Featured Research

from universities, journals, and other organizations

RNA-based therapy brings new hope for an incurable blood cancer

Date:
October 10, 2012
Source:
American Friends of Tel Aviv University
Summary:
A new class of drugs that interfere with the aggressive over-production of a protein related to Mantle Cell Lymphoma is being developed. The drugs have the ability to kill off the mutated protein and stop the over-proliferation of cells.

Three thousand new cases of Mantle Cell Lymphoma (MCL), a form of blood cancer, appear in the United States each year. With a median survival span of only five to seven years, according to the Leukemia and Lymphoma Society, this disease is devastating, and new therapies are sorely needed.

One of the characteristics that defines MCL is heightened activity in the gene CCND1, which leads to the aggressive over-production of Cyclin D1, a protein that controls the proliferation of cells, explains Prof. Dan Peer of Tel Aviv University's Department of Cell Research and Immunology. In this disease, Cyclin D1 production spins out of control, producing a 3,000 to 5,000 fold increase.

Now, in an international collaboration between academia and industry, Prof. Peer has developed a new class of drugs based on RNA interference, which can repair or destroy faulty proteins and reprogram cells to act in normal ways. The drugs have the ability to kill off the mutated protein and stop the over-proliferation of cells. Their method, proven in experiments with human cells and published in the journal PLoS One, was generously supported by the Lewis Trust and the Israeli Science Foundation.

Academia and industry work for a cure

In the past, scientists have attempted and failed to knock out this protein in the quest to develop a cure for MCL. But despite the prevalent belief that Cyclin D1 is not an effective target for therapies, Prof. Peer and his fellow researchers, including his PhD student Shiri Weinstein and Dr. Rafi Emmanuel and the Sheba Medical Center's Prof. Arnon Nagler and Dr. Avigdor Abraham, knew there was cause for hope.

To prove their theory that Cyclin D1 was indeed an appropriate target for the treatment of MCL, the researchers turned to two companies considered world-experts in RNA, Alnylam Pharmaceuticals in Cambridge, Massachusetts and Integrated DNA Technologies in Iowa, both of which donated their time and resources to the project. Working in parallel, they were able to design potent RNA interference sequences to stop the production of Cyclin D1.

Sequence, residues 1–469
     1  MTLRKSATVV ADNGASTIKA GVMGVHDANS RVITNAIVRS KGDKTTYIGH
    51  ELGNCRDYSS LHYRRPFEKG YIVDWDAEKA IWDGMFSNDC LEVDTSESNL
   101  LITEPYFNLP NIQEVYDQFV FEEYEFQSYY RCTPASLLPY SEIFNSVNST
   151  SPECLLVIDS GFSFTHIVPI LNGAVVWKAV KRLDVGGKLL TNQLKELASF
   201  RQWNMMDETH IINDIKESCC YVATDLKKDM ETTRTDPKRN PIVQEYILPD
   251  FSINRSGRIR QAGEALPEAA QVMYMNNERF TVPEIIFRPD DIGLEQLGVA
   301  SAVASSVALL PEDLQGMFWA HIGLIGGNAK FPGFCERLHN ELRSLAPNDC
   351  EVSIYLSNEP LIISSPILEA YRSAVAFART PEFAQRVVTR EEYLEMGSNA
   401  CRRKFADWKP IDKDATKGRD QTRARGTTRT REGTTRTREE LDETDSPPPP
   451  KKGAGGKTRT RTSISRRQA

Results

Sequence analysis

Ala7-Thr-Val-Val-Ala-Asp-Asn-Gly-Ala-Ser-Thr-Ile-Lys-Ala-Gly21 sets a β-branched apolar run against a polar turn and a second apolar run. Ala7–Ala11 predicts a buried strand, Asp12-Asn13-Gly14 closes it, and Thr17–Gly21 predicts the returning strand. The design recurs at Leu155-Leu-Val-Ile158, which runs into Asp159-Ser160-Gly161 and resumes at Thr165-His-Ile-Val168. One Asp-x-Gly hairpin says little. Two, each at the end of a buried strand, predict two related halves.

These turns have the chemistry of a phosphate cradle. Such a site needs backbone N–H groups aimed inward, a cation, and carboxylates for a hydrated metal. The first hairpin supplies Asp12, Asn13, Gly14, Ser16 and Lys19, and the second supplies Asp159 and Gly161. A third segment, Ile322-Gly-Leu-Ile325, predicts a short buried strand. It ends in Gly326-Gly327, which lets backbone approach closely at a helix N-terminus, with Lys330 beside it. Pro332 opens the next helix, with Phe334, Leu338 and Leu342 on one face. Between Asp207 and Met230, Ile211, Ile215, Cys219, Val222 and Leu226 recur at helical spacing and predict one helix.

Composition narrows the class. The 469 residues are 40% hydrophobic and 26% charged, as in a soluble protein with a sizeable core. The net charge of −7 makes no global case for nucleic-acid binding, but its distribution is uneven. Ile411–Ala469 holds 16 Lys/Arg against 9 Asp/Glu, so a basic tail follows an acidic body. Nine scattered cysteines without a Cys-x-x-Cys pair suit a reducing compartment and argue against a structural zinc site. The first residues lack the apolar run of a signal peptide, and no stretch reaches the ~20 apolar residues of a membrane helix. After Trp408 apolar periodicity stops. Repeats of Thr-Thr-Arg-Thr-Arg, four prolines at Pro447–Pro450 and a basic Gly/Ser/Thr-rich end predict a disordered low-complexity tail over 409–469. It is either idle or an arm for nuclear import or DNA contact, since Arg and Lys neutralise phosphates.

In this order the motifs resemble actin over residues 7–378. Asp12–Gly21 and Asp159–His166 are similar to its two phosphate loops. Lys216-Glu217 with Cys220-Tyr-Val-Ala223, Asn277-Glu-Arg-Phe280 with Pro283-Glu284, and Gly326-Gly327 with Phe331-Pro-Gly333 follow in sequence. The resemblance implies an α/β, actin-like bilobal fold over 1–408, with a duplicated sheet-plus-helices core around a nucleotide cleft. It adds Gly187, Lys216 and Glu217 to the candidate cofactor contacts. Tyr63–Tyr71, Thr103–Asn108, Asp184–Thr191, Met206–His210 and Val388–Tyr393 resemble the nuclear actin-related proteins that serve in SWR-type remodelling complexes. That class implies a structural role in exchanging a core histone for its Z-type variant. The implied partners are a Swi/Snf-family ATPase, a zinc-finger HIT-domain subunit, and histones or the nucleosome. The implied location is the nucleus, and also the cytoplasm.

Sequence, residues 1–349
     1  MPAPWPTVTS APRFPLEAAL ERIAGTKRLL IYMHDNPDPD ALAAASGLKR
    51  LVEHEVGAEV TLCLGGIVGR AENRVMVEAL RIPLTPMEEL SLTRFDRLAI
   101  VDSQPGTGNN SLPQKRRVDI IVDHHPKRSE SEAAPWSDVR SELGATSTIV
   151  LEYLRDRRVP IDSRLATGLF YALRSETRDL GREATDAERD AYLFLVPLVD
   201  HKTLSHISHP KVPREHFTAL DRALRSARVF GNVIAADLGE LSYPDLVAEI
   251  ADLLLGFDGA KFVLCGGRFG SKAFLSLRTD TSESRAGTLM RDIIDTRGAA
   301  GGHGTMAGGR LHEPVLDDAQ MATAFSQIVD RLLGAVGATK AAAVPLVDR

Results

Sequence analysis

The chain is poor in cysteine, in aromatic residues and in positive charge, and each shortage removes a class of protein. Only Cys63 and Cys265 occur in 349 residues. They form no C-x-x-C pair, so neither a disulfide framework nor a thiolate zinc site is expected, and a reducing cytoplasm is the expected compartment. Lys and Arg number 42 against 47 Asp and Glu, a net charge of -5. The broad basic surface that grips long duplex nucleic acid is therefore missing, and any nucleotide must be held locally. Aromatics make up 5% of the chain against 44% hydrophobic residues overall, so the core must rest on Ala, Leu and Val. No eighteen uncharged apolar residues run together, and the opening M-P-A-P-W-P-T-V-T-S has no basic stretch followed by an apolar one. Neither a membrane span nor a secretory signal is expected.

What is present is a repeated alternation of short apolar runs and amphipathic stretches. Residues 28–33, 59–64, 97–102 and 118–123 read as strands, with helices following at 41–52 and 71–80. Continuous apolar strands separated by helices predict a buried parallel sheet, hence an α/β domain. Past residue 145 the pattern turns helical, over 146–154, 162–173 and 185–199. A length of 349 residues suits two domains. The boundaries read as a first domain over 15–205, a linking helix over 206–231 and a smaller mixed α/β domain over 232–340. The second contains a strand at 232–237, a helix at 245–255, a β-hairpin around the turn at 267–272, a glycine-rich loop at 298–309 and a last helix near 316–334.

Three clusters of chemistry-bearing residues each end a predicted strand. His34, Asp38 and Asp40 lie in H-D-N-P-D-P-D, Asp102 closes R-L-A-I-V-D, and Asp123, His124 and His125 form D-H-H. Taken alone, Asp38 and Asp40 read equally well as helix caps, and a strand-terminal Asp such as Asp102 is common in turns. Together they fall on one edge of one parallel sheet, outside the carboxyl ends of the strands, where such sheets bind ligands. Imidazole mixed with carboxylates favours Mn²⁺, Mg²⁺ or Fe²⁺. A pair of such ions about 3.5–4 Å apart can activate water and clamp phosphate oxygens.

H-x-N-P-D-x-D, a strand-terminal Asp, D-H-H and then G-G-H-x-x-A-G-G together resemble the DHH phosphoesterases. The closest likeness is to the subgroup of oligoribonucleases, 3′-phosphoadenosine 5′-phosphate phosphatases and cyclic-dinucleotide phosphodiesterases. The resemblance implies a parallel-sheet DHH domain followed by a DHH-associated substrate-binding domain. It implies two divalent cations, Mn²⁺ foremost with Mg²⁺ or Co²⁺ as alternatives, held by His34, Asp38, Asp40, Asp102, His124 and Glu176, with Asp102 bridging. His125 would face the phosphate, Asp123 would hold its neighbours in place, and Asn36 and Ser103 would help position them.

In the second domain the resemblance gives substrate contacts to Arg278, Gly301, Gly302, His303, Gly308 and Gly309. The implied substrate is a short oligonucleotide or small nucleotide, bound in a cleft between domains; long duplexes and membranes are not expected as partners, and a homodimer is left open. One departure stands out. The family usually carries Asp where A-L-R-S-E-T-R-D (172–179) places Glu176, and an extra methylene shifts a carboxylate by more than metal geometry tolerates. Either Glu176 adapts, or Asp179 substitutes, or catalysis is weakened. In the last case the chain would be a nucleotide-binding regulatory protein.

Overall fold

In MCL, Cyclin D1 is the exclusive cause of the over-production of B Lymphocytes, cells responsible for generating antibodies, explains Prof. Peer. This makes the protein a perfect target for RNA interference -- because normal, healthy cells don't express the gene, therapies that destroy the gene will only attack cancer cells. The RNA interference that the researchers have developed targets the faulty Cyclin D1 within the cancerous cells. And when the cells are inhibited from proliferating, they sense they are being targeted and begin to "commit suicide," he says.

In the lab, the researchers have successfully used their RNA interference in human cells, a crucial step towards proving that Cyclin D1 can be targeted through the right interventions. "Ultimately, we want to be able to cure this disease, and I think we are on the way," says Prof. Peer. He hopes that their results might cause scientists to reconsider previous and unproductive results on the effectiveness of treating MCL by addressing aberrations of this protein.

Pairing with nano-delivery methods

The researchers are working to develop a mouse population with MCL to test their newly-developed therapies in vivo. Typically, new therapies for any disease are tested on human cells as well as mouse models in the lab before being taken to clinical trials in humans. But there has never before been a test using mice with this disease, says Prof. Peer, a deficiency that has limited the quality of research. The animal test will allow researchers to conduct a more cautious and in-depth investigation of this new class of drugs before moving to the clinical stage.